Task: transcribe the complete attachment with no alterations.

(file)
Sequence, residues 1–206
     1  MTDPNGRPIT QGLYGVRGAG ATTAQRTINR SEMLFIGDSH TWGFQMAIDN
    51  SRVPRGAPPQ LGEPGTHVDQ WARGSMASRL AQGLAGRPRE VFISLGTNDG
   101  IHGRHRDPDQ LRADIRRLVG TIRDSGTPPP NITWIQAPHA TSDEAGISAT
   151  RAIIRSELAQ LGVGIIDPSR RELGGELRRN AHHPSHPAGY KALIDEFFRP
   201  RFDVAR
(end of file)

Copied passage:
Sequence, residues 1–206
     1  MTDPNGRPIT QGLYGVRGAG ATTAQRTINR SEMLFIGDSH TWGFQMAIDN
    51  SRVPRGAPPQ LGEPGTHVDQ WARGSMASRL AQGLAGRPRE VFISLGTNDG
   101  IHGRHRDPDQ LRADIRRLVG TIRDSGTPPP NITWIQAPHA TSDEAGISAT
   151  RAIIRSELAQ LGVGIIDPSR RELGGELRRN AHHPSHPAGY KALIDEFFRP
   201  RFDVAR